As my nomme de blog suggests, I don’t get out of the mountains of the Canadian Rockies all that often. There’s plenty to see in Banff and Jasper National Park, enough for a whole life time, and so I hardly ever feel the need.
So I tell people. But, in the interest of full disclosure, this mountain man will admit that every once in a great while, he gets an urge to go somewhere competely different. To a place where people outnumber wildlife, and cars outnumber people. Yes, the big city.
Now for me, the closest place to satisfy my big city urges is Calgary. Really, it’s sort of hard to believe that from my wild mountains, I can be standing in the middle of such a big city in just an hour and a half. In the past, this quick transition hasn’t been such a good thing for me.
Imagine a man, a mountain man, who spends most of his days traveling in the quiet backcountry, on trails, down rivers, and on ski slopes. Not worried about traffic, he just kind of goes where ever the trail/river/slope takes him. Now, in just a short space of time, stick him in a big city.
Last time I was there, I committed no less than 12 traffic violations, ran over three hot dog carts, caused one of the worst traffic jams in the city’s history, and almost knocked over the Calgary Tower. At least that’s what the police told me later. I don’t remember a thing, just a blur of tail lights and spilled hot dogs.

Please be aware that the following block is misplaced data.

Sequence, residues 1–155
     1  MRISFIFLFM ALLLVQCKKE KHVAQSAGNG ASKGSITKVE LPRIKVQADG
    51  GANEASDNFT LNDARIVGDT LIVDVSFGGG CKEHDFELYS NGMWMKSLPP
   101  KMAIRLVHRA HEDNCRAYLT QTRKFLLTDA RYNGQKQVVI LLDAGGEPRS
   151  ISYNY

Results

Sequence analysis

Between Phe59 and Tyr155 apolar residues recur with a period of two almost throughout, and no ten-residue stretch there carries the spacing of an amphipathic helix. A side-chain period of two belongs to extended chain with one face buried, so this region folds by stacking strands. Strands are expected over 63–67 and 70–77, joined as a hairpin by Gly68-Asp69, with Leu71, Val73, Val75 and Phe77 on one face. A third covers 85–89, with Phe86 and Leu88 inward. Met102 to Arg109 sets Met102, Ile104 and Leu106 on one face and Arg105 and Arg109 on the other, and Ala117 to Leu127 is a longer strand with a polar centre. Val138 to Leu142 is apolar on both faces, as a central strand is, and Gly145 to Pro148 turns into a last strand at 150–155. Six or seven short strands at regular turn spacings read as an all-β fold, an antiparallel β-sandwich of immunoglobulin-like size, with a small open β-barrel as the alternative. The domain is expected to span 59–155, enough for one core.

Since then, I’ve taken under advisement the Calgary Police Service’s advice, which was something along the lines of, “Don’t you ever, ever, ever, ever, drive here again.”
I was bummed at first, because Calgary offers some of my favorite attractions, including the Calgary Flames pro hockey team, and the Calgary Stampede, which is a great setting for seeing some of the old west sports, hearing good music, and eating good food.
Anyway, not long after my Calgary driving ban, I was complaining to a friend about how I was going to miss the Stampede that year, when she pointed out that I didn’t need to miss it at all. That’s because plenty of local companies offer great guided tours of the city, leaving right from the Canadian Rockies.
Never since have I had to worry, as I’ve kicked back in a luxurious touring van, and watched as the lights approach over the plains. The guides will tell you all about the city, and make sure you get the most out of a trip to see the Flames or the Stampede. Now that I’ve traveled to Calgary this way, I can’t imagine why anyone, even a vacationer in the Canadian Rockies, would want to ruin the mellow mountain vibe they’ve been cultivating by having to worry about big city headaches, like moving violations.
Take a Mountain Man’s advice, and let someone else do the driving for you.